This is meant to be an aside rather than a full-blown post. That way I can keep the blog updated and the scrambled eggs on the stove can also get the attention they deserve. Then of course there is the small matter of rooting for Sri Lanka while they hopefully rout the badass Aussies in the T20 WC. I am suddenly feeling a surge of surrogate patriotism for all my fellow Indians getting battered down under. I am sure Praveen Togadia, Pramod Mutalik and Raj Thackeray would have been in Sidney by now had there been more Hindus than Surds among those attacked. So, you see, it’s all the Aussie hooligans’ fault that our virile triumvirate haven’t been able to say or do much about this sorry episode for Hindustan. Bad bad kitty. And now on to something more methodically mad.
To be sung to the tune of Miss American Pie
Long long time ago, I can still remember,
How xeroxes piled on my bed.
Kristeva and Plato hugged, I hadn’t the heart to sunder them,
So most of them I never read.
And it was sometime during this period that I learnt that calling a photocopy ‘xerox’ was illegal. In our MA final linguistics elective, we were told that there is even a word for it.
Generification – noun; the process of using specific brand names of products as names for the products in general.
There’s a pretty long list of brandnames pirated by an entire community, disenfranchising the brand owner and leading to long-drawn squabbles over proprietary usage. But there is a slight difference when a non-commercially motivated part of the populace uses a brandname as a generic term. Eg: I would imagine the makers of Nirodh are pretty glad that a vast section of users invoke their brandname at the most energetic moment of their lives. Every night. Or day. Similarly, all zip fasteners being called zippers and all photocopy-associates being denominated xerox represent a phenomenon that can be interpreted as marking the complete stranglehold of the respective brands on collective imagination. Of course, it also exposes the brands to the risk of feeding their own competitors through their canonised names, but at least in such cases you cannot blame the domestic speaker-user of sabotaging the brands.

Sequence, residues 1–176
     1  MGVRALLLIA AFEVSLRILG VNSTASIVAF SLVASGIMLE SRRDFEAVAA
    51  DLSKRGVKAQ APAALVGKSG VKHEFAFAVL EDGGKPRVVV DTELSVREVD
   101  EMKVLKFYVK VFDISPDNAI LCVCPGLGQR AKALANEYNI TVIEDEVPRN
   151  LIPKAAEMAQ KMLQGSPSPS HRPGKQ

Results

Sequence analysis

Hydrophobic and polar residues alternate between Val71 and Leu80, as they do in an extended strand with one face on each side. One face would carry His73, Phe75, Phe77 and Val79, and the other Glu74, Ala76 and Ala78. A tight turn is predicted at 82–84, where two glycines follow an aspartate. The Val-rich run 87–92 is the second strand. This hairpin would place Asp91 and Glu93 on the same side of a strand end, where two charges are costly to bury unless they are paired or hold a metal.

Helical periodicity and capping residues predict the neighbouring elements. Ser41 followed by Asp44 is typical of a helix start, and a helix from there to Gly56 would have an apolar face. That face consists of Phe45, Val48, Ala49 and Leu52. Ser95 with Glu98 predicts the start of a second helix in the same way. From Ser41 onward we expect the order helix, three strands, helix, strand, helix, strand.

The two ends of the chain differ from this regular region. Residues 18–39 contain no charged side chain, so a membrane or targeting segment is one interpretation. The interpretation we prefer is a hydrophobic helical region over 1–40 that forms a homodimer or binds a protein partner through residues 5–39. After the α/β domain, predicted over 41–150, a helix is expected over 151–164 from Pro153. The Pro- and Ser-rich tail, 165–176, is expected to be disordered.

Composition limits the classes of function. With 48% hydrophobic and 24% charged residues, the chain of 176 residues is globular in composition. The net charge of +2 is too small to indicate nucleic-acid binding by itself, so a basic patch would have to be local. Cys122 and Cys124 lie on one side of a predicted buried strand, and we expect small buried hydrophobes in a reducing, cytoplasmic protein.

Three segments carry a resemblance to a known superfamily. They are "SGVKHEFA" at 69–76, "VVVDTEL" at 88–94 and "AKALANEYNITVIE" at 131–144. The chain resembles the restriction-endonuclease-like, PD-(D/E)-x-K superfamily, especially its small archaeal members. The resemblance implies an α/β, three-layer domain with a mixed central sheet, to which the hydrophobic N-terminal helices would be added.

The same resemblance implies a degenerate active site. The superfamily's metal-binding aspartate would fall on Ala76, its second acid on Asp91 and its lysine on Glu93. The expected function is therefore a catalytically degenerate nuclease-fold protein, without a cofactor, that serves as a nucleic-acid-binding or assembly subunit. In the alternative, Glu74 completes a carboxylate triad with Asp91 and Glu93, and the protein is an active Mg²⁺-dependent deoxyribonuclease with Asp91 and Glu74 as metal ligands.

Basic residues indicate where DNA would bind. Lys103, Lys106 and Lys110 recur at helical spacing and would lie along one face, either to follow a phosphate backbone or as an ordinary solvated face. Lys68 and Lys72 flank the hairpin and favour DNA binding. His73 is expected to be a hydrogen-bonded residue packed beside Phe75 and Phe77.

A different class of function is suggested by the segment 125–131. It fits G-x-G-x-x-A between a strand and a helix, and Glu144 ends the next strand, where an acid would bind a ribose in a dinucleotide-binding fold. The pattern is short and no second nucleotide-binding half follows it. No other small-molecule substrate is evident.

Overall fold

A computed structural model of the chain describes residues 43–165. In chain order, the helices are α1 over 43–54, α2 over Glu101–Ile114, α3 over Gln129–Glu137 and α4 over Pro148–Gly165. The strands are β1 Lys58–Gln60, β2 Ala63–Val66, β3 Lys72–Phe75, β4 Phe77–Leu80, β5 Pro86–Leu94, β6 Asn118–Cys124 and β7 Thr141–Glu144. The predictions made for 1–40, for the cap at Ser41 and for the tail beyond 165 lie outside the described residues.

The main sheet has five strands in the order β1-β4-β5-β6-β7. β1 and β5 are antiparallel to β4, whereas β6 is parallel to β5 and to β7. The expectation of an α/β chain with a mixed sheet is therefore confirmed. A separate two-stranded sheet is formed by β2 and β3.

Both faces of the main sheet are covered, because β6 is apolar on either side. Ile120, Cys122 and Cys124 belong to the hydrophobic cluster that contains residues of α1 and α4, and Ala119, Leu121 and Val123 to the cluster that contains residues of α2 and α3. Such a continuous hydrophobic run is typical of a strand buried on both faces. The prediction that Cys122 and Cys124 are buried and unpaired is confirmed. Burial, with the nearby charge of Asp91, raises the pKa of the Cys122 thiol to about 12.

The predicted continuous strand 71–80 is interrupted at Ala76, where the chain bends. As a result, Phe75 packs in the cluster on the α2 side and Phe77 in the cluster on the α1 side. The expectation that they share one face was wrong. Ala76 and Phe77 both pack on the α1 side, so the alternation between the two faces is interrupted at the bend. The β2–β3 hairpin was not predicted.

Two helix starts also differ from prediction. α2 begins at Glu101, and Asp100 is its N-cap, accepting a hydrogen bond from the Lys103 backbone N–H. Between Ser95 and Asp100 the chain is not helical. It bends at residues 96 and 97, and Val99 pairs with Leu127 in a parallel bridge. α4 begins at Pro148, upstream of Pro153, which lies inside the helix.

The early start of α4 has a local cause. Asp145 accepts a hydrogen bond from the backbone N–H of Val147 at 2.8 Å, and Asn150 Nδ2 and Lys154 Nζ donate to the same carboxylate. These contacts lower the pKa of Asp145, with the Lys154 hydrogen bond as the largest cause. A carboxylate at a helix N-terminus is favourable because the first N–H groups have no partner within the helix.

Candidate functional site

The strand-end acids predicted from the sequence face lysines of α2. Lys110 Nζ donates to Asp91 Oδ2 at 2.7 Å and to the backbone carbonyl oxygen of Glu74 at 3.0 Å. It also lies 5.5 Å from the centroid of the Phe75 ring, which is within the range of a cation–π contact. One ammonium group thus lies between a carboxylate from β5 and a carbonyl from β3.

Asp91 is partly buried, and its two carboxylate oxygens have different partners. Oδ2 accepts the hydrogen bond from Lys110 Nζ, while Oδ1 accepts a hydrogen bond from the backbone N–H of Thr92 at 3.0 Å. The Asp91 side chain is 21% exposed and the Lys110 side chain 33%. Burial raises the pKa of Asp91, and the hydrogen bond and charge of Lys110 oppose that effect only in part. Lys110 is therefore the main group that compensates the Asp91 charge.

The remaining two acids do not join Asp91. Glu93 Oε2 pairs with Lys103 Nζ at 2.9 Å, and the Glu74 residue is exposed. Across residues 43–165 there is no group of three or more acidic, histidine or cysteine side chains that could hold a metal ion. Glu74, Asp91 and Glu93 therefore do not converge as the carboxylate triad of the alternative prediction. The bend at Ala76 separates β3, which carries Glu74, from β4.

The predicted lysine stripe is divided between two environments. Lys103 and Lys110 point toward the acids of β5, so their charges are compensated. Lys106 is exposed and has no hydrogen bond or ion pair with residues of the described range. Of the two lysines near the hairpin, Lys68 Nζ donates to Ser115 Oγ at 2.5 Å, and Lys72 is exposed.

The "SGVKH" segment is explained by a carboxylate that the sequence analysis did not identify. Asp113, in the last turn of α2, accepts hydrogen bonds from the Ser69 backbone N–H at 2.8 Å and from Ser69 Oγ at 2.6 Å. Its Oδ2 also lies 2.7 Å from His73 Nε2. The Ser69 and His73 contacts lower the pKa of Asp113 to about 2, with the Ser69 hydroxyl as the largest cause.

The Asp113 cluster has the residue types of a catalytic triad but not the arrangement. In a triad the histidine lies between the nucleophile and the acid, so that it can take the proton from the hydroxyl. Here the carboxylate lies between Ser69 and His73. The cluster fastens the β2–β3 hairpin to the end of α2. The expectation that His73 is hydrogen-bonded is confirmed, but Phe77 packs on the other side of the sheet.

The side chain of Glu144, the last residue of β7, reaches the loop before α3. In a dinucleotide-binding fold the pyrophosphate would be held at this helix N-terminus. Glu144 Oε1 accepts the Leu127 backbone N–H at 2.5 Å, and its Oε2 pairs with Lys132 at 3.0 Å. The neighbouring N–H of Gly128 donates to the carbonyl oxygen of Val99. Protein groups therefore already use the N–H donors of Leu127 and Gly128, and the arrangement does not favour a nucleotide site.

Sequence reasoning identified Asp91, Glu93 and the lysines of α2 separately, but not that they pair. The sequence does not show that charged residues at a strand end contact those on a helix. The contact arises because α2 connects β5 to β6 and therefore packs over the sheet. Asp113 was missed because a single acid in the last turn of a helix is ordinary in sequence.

When it does begin to appear a tad, errm, smelly, is when a confectionery maker promotes its raw mango-flavoured candy using the ‘Xerox’ brandname, and then changes ‘xerox’ to ‘zerox’ to avoid persecution. Take away the xerox theme, and suddenly the mango ain’t all that juicy any more. And what about that genius sleight of changing the spelling? It reminds me of cheap septic-inducing antiseptics called ‘Boronil’ and ‘Borrow Plus’ they used to sell in local trains. Is Parle Agro cracking a joke on my intelligence levels, or do you also sense an ecology thriving on hot air out there?
Hot air has a way of always floating to the top, and hence, it has an easy affinity with those who live at the top. Like Dhoni. His Aircel ads are, politely put, asinine, especially the way he says ‘bla bla bla…What do I do (without my wonder-gadget)?!’, but the latest one about using Aircel’s pocket internet to download songs is particularly hilarious. Aircel carefully allows using the word ‘download’, but there is everything else to suggest that what the ad is alluding to is in fact the much maligned countercultural act of music piracy. There is a very matter-of-fact admission that the internet, among other things, is used to filch your favourite music. Which is very noble of the company of course. And the best part is that when Dhoni says it, it does not sound anymore like a hated crime that is bleeding the music industry white.
Gotta love the man!